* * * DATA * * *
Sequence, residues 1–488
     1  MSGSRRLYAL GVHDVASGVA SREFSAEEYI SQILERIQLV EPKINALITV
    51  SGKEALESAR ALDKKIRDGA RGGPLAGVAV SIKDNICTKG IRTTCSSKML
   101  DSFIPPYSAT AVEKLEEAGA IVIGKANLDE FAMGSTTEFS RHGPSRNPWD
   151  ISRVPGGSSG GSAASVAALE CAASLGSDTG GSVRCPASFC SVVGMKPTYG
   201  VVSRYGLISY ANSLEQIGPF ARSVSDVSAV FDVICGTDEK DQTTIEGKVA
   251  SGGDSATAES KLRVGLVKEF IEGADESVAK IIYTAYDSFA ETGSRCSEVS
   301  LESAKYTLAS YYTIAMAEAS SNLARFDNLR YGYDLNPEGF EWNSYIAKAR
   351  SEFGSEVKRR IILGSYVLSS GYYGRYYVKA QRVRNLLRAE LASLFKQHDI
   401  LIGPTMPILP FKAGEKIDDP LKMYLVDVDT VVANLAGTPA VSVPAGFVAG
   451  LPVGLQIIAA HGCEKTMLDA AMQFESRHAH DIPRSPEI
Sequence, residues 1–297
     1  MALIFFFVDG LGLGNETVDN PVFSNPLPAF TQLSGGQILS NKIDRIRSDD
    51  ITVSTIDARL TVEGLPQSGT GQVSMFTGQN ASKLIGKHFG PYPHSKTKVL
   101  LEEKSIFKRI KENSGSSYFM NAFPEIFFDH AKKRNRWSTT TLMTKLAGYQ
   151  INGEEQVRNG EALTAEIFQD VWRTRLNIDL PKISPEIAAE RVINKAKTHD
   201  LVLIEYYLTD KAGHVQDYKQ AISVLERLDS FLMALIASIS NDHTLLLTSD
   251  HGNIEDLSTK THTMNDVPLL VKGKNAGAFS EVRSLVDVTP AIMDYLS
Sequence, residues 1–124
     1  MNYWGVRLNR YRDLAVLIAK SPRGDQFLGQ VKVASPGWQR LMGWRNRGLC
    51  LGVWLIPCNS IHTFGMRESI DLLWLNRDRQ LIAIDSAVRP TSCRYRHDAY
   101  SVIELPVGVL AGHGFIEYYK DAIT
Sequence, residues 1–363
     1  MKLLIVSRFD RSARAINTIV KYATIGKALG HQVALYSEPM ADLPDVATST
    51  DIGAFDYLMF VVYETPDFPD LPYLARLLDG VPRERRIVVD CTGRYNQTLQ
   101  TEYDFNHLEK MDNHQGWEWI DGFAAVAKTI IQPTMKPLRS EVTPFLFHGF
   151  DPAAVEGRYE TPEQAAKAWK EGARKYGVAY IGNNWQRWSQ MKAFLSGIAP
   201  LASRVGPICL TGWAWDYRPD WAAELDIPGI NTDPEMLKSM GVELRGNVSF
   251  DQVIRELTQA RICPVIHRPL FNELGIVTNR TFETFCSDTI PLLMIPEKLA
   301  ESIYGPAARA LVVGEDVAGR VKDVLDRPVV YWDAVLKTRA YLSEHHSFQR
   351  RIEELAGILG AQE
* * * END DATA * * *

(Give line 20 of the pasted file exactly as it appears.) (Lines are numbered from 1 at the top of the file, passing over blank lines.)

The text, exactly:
     1  MNYWGVRLNR YRDLAVLIAK SPRGDQFLGQ VKVASPGWQR LMGWRNRGLC